Kate Bush, “Aerial”

(My 100 favorite albums in chronological order: #84 – released November 8, 2005)

Track listing: A SEA OF HONEY: King of the Mountain / Pi / Bertie / Mrs. Bartolozzi / How To Be Invisible / Joanni / A Coral Room // A SKY OF HONEY: Prelude / Prologue / An Architect’s Dream / The Painter’s Link / Sunset / Aerial Tal / Somewhere In Between / Nocturn / Aerial

A dozen years is an eternity in pop music—you could stuff the Beatles’ entire recorded output (save those two Anthology zombie tracks) within that frame and still have a few years left over. Look at Kate Bush’s trajectory over her first five albums, from The Kick Inside to Hounds of Love in just seven years. Even considering the particular twelve-year period between her seventh and eighth albums, you can detect sea changes: for instance, compare Radiohead’s 1993 debut Pablo Honey to their most recent album as of 2005 (Hail To The Thief) and everything in between (including OK Computer and Kid A.)

After Hounds of Love, Bush returned four years later with The Sensual World (1989): a departure, it largely eschewed the amped-up phantasmagoria of her back catalogue for more mature, subdued tones, such as the world music-accented title track or the orchestrated piano balladry of “This Woman’s Work”. Her next album, The Red Shoes, arrived another four years after that, mixing state-of-the-art, neo-new wave pop (“The Rubberband Girl”) with typically more thematically adventurous conceits (“Song of Solomon”, the Powell/Pressburger film-quoting title track) and an excess of high profile cameos, from Eric Clapton to Prince. Both albums were good enough at the time, but neither felt anywhere near as innovative or game-changing as The Dreaming or Hounds of Love.

And then, not a peep from Bush for over a decade. She partially attributed this extended hiatus to her mother’s passing prior to The Red Shoes and also to the birth of her son Albert in 1998—right after those of us were hoping for a new album after another four-year interval. A February 2003 MOJO cover story celebrating her career and legacy ensured readers that Bush was working on new material (as when to expect it, she responded via her business manager, “How long is a piece of string?”) After Aerial was finally announced over two-and-a-half years later, I understandably anticipated it like few other albums before. Actually, I honestly couldn’t imagine what new Kate Bush music in 2005 could possibly be: a rehash of or a logical follow-up to The Red Shoes? A record incorporating new, potentially up-to-the-minute sounds and trends? Or perhaps something entirely different from all that came before?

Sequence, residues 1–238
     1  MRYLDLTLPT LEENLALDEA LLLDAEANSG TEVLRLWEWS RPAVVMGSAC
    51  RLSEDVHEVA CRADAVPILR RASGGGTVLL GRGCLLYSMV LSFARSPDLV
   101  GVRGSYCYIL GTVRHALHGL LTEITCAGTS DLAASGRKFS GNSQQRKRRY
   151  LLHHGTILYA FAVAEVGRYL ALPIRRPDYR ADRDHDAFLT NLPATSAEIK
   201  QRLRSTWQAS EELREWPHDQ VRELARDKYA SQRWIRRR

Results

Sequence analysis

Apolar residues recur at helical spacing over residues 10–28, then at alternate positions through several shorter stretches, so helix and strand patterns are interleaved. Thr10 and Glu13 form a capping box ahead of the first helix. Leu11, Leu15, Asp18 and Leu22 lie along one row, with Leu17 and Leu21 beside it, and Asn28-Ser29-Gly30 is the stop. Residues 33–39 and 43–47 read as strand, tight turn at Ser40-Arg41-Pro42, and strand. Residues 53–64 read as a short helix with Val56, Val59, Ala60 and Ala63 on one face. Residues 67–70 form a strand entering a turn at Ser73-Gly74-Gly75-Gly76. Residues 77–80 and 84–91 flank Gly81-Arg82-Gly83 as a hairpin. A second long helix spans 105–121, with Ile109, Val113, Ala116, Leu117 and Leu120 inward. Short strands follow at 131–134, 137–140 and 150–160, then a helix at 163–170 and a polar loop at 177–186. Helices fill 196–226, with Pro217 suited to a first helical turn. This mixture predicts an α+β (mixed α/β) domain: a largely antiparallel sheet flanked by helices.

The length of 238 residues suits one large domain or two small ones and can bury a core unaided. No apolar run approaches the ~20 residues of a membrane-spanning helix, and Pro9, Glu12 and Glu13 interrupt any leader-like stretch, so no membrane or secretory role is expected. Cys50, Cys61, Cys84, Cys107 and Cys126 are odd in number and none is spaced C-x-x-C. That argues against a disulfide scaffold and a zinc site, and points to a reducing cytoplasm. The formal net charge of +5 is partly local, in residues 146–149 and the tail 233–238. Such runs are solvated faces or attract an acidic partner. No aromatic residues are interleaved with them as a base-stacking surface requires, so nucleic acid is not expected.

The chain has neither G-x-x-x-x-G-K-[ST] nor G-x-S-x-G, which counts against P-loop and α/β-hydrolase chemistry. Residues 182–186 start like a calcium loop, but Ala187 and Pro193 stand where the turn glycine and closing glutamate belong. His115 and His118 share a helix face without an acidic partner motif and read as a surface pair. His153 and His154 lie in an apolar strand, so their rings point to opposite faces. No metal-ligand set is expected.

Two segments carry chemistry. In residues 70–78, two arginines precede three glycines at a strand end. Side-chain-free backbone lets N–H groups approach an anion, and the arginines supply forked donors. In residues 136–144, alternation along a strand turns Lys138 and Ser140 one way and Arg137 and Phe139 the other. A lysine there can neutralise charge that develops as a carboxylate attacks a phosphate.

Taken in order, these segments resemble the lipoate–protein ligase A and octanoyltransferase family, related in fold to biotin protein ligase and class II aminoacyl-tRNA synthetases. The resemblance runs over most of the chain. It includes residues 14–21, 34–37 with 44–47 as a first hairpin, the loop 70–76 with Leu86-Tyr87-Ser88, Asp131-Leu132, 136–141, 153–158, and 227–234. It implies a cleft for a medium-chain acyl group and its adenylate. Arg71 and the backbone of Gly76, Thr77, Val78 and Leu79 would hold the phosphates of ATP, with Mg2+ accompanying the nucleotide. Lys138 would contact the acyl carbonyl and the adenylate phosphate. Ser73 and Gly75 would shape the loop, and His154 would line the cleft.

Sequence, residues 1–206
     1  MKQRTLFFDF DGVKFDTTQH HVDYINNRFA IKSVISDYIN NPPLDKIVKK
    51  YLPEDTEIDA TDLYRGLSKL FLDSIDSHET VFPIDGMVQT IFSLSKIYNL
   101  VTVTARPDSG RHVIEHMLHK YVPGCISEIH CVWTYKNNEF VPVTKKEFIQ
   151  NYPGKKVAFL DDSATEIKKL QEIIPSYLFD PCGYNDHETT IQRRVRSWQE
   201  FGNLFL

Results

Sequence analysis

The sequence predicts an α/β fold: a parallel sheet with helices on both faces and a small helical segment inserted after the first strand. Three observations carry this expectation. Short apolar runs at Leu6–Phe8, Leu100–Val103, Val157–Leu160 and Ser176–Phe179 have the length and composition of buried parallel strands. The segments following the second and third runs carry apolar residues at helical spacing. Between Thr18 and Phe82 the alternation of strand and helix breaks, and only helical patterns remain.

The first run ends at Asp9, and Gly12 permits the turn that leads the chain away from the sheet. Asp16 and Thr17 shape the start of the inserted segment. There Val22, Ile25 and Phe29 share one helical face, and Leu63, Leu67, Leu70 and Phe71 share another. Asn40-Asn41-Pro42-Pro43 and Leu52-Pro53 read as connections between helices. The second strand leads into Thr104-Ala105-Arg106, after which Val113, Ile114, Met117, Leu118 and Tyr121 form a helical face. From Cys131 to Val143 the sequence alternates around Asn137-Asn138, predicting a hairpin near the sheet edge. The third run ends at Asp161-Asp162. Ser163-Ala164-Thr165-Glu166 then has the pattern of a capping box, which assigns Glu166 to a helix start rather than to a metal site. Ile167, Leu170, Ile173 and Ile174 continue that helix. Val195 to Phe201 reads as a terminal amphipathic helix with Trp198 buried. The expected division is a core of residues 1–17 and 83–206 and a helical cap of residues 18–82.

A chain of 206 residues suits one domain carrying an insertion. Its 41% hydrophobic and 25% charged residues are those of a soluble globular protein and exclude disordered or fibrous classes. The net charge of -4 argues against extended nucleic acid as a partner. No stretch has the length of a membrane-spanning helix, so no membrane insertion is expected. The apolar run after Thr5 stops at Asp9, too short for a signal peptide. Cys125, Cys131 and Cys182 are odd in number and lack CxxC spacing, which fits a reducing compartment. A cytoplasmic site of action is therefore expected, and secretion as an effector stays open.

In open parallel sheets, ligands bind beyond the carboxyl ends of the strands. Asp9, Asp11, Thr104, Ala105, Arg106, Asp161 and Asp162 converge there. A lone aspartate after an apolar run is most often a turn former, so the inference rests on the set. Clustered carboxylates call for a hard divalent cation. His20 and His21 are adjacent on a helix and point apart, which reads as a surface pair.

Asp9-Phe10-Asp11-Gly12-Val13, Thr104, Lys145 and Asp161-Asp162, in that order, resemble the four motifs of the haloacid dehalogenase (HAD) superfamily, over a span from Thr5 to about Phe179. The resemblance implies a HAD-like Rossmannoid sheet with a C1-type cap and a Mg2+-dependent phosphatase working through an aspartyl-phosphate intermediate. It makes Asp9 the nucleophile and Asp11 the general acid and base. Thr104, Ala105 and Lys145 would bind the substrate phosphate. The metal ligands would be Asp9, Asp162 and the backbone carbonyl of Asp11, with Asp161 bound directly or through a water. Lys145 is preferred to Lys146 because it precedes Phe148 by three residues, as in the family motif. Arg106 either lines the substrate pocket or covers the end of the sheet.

Further goading expectations, Aerial turned out to be a double album, with each disc sporting a subtitle. The first, “A Sea of Honey” contained seven songs, including the lead-off single “King Of The Mountain”, while the second, “A Sky of Honey”, was a nine-track, album-length suite. The sequencing resembled no less than a supersized equivalent to Hounds of Love, whose first five unrelated tracks were followed by “The Ninth Wave”, a seven-track suite about drowning. One had to question if Bush, after such a long absence was actually making an attempt to top her most acclaimed and best-selling album.

The internet was such that by November 2005, I was easily able to listen to “King of the Mountain” online before Aerial’s release. I remember initially feeling tentative towards it. Rather than an obvious-sounding first single like “The Rubberband Girl”, it was mysterious and open-ended, slowly taking its time to get where it wanted to go. It’s built on a three-note synth hook, just like Hounds of Love opener (and her lone US top 40 hit) “Running Up That Hill (A Deal With God)”, but gentler, airier. The lyrics seem to reference Elvis, the King of Rock and Roll himself; while her deepened-with-time vocals on the verses halfway pay tribute to him, the music sounds not a whit like his, even more so after a reggae guitar hook surfaces from the second verse on. Wind is a constant presence here, both lyrically (“The wind is whistling through the house”) and sonically, with simulated wind noise eventually accompanied by Bush herself emulating it: she emits, “Whoa, Whooahh, WHOAAAAHHHHHH,” at 3:45, reassuring longtime fans just when they might’ve begun to fear she was no longer the glorious kook they knew and love.

“King Of The Mountain” takes a few spins to fully resonate, but it’s a good choice for first track and single, for it establishes a tone the remaining songs on “A Sea of Honey” mostly sustain. Apart from “Joanni” with its trip-hop indebted electrobeats and Bush’s inimitable gravelly humming at the end (still a weirdo, god bless her), these are subdued, curious little song-puzzles. This might disappoint those looking for another “Sat In Your Lap” from her, but she’s already been there, done that—at 24, no less. Now nearly twice that age, it’s only fitting that her obsessions have shifted. Naturally, motherhood is a glaring one, reflected in a gushing but sincere tribute to her son, the chamber-pop fugue “Bertie”, but an entire disc of musings upon her decade-plus domestic sabbatical this is not.